The Billion Year Plan
A Vision for RAS's First Billion Years
21 February 2000
A note on units: All dates in this document are given using the Gregorian calendar of Earth (Sol 3). One day in the Gregorian calendar corresponds to one solar day on Earth. One year corresponds approximately to one revolution of Earth about the sun. The days of the year are divided into twelve months, based roughly upon the revolution of the Moon about the Earth. These twelve months are January, February, March, April, May, June, July, August, September, October, November and December. September, April, June and November contains 30 days; all the rest, except for February, contain 31 days. February contains 29 days if the year is divisible by four and not by 100, or if it is divisible also by 400; otherwise, February contains 28 days. The days of the year are also divided into seasons, based upon the extrema of Earth's orbit about the sun. Winter begins on the day with the shortest period of light and the longest period of darkness, the winter solstice, and continues to the vernal equinox, at which light and darkness attain equal length. The next season is spring, which stretches until the summer solstice, when the period of light is longest. The third season is summer, which lasts from the summer solstice to the autumnal equinox; and the remaining season is autumn. All seasons mentioned in this document are in fact academic quarters at the University of Chicago, which approximate northern hemisphere seasons.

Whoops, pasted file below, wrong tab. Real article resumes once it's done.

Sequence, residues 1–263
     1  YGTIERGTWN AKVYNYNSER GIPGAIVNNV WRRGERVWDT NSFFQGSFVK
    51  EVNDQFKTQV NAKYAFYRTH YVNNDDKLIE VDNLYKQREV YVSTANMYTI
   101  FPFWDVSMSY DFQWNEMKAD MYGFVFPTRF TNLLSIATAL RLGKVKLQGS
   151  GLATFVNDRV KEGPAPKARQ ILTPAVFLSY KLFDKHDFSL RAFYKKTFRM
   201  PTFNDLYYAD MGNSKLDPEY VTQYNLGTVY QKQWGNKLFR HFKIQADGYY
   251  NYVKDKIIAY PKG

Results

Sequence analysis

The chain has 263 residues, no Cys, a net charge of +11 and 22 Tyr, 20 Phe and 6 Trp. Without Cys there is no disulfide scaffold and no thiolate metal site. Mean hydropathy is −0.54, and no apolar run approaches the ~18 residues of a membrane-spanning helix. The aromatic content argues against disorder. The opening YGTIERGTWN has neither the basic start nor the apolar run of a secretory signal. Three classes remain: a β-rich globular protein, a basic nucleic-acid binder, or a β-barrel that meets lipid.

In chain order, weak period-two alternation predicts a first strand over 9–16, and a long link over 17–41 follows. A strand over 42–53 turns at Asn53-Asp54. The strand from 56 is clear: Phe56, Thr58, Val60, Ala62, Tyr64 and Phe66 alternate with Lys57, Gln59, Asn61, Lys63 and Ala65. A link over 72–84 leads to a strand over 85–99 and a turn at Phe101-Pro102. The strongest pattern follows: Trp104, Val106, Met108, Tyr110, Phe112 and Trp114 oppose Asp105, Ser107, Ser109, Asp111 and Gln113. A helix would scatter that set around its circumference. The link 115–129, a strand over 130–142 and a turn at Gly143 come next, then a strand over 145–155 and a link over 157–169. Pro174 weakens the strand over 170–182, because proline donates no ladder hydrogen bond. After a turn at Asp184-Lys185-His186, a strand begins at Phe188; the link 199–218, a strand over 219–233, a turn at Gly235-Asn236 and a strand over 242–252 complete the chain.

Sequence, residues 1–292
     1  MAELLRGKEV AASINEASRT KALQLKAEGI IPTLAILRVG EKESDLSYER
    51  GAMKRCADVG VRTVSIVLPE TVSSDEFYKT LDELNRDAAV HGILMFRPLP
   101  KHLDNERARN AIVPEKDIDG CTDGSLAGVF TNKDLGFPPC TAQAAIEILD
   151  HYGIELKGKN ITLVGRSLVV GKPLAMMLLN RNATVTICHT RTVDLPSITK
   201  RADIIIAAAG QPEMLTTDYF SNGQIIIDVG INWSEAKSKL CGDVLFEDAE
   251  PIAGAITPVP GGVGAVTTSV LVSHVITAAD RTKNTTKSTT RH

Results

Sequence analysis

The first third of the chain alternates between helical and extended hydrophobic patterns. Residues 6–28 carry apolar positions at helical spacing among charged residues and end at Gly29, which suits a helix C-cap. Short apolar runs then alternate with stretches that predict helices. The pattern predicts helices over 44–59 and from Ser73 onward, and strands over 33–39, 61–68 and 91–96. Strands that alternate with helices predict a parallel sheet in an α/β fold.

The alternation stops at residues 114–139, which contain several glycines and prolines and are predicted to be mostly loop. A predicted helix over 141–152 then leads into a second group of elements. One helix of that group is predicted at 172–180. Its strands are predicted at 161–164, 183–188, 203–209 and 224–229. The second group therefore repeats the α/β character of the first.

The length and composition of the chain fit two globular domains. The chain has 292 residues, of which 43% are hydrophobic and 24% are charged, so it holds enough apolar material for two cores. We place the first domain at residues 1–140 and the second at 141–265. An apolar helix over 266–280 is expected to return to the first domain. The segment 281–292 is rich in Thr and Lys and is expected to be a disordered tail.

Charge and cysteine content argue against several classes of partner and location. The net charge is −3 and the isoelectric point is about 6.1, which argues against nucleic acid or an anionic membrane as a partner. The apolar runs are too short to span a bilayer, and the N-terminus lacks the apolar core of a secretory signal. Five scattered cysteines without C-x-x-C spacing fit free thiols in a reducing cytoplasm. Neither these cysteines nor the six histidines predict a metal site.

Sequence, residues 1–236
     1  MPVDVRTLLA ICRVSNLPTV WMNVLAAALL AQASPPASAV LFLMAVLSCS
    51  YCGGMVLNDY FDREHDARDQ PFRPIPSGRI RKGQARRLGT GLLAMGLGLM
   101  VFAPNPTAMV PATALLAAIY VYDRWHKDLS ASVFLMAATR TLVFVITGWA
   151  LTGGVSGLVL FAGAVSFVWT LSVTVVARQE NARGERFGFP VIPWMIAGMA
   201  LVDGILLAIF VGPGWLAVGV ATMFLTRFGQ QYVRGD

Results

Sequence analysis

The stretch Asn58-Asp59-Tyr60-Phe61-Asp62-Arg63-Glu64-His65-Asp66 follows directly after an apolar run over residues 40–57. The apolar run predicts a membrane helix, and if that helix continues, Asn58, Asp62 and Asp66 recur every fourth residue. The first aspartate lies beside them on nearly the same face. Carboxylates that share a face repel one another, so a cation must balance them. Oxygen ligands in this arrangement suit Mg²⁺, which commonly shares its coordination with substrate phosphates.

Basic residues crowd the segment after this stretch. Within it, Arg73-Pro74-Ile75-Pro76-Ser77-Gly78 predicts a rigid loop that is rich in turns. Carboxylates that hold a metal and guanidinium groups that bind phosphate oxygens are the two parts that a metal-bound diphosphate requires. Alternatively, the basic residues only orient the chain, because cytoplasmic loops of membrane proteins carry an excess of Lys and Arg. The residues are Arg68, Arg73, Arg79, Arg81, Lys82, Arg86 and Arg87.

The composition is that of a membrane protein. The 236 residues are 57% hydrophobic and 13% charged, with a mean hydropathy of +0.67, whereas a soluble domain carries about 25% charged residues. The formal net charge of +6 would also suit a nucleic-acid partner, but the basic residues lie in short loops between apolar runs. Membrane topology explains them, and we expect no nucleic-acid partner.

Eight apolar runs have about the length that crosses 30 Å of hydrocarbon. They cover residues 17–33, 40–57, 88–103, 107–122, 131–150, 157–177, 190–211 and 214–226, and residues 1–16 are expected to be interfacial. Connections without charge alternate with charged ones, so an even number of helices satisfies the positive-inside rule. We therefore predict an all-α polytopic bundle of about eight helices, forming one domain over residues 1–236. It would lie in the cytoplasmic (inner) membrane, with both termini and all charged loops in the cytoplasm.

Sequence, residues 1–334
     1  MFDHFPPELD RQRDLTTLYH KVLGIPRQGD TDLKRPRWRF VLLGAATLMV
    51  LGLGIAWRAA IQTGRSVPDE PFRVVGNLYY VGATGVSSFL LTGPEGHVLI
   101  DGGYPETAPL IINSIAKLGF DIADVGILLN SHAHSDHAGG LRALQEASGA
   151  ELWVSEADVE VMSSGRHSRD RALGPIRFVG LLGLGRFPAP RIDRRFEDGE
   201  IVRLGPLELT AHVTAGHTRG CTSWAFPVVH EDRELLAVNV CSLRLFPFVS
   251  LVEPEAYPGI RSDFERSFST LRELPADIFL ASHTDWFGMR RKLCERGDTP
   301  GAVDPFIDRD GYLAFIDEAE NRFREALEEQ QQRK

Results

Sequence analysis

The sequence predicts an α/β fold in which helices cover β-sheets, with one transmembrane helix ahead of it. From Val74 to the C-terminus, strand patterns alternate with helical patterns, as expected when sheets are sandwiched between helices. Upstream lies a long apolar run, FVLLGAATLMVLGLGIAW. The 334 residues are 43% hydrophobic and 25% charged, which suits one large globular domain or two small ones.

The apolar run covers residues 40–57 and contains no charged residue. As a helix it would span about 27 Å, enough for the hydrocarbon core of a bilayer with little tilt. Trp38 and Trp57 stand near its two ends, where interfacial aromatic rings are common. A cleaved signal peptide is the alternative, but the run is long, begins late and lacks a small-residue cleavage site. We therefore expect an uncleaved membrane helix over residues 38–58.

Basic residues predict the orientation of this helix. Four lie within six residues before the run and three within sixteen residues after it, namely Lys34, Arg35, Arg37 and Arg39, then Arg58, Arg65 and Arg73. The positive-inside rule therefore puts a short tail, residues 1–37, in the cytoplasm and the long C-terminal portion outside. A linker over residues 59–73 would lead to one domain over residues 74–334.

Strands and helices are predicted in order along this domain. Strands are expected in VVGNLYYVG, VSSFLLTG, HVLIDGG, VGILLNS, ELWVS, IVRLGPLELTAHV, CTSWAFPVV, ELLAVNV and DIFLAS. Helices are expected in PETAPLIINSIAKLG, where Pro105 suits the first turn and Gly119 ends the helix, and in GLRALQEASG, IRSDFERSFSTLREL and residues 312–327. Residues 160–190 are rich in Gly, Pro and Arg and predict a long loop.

22 April is Earth Day. Some day close to Earth Day, University organizations traditionally hold an Earth Day fair. The Society should consider staffing a table that provides information about light pollution, as well as the terraforming of Mars and the long term fate of Earth and the Solar System.
The Ryerson Astronomical Society owns a small library worth of books. Among our historically-important books we count our log books, which date back to 1952 and include entries by such famous scientists as Carl Sagan, and a relativity text once owned by U of C Nobel Laureate Subrahmanyan Chandrasekhar We do not have sufficient shelf space to house all our books, however. For this reason, RAS should procure a new bookshelf in Spring 2000.
Due to the effects of the lake and Chicago's air pollution, weather reports from the National Weather Service and companies such as AccuWeather often fail to convey important information about observation conditions in Hyde Park. An electronic weather station would allow the Society to monitor weather conditions in the Hyde Park area and make better plans for observations.
One of the most inexpensive and commonly used amateur weather stations is the Oregon Scientific WM-918, which lists for $399. A wide range of free add-on software, writing by amateur weather watchers, is available for this station. One such package would allow the Society to make information about Hyde Park weather conditions available to Society members and the University commuity through the World Wide Web.
The Central Atlantic Storm Investigators recommend the purchase of the WM-918 from Heartland America, which sells it for $199 plus $20 shipping.
The RAS office currently lacks climate control. This has the potential to damage our library. In addition, in order to maintain a comfortable temperature during the winter, we must open the crawl space in order to let heat from lower floors rise into the office. This, however, exposes the office to particles of fiber glass, which pose a hazard to human health.
When Building Services removed a skylight from the RAS office a couple of years ago, not realizing that the office was occupied, they promised to compensate us by helping us improve the state of the office. It is time for us to call upon their assistance.
The furniture within the RAS office is in a horrible state of repair. The Society should replace the chairs in the office with ones that are not falling apart and consider replacing the office rug as well.